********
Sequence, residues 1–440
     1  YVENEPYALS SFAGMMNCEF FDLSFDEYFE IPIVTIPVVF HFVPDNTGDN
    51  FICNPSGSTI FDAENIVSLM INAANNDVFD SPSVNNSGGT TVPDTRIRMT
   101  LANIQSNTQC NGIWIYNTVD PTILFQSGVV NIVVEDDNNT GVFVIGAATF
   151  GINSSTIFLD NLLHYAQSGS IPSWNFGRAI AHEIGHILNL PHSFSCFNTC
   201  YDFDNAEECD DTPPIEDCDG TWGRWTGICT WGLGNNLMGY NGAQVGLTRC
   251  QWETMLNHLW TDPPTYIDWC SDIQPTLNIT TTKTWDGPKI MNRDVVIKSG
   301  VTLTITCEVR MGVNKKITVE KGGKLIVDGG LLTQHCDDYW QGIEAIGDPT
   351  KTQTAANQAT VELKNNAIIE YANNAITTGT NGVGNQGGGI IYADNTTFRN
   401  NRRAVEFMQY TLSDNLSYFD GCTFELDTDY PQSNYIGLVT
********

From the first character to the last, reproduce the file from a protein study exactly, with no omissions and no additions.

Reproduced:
Sequence, residues 1–440
     1  YVENEPYALS SFAGMMNCEF FDLSFDEYFE IPIVTIPVVF HFVPDNTGDN
    51  FICNPSGSTI FDAENIVSLM INAANNDVFD SPSVNNSGGT TVPDTRIRMT
   101  LANIQSNTQC NGIWIYNTVD PTILFQSGVV NIVVEDDNNT GVFVIGAATF
   151  GINSSTIFLD NLLHYAQSGS IPSWNFGRAI AHEIGHILNL PHSFSCFNTC
   201  YDFDNAEECD DTPPIEDCDG TWGRWTGICT WGLGNNLMGY NGAQVGLTRC
   251  QWETMLNHLW TDPPTYIDWC SDIQPTLNIT TTKTWDGPKI MNRDVVIKSG
   301  VTLTITCEVR MGVNKKITVE KGGKLIVDGG LLTQHCDDYW QGIEAIGDPT
   351  KTQTAANQAT VELKNNAIIE YANNAITTGT NGVGNQGGGI IYADNTTFRN
   401  NRRAVEFMQY TLSDNLSYFD GCTFELDTDY PQSNYIGLVT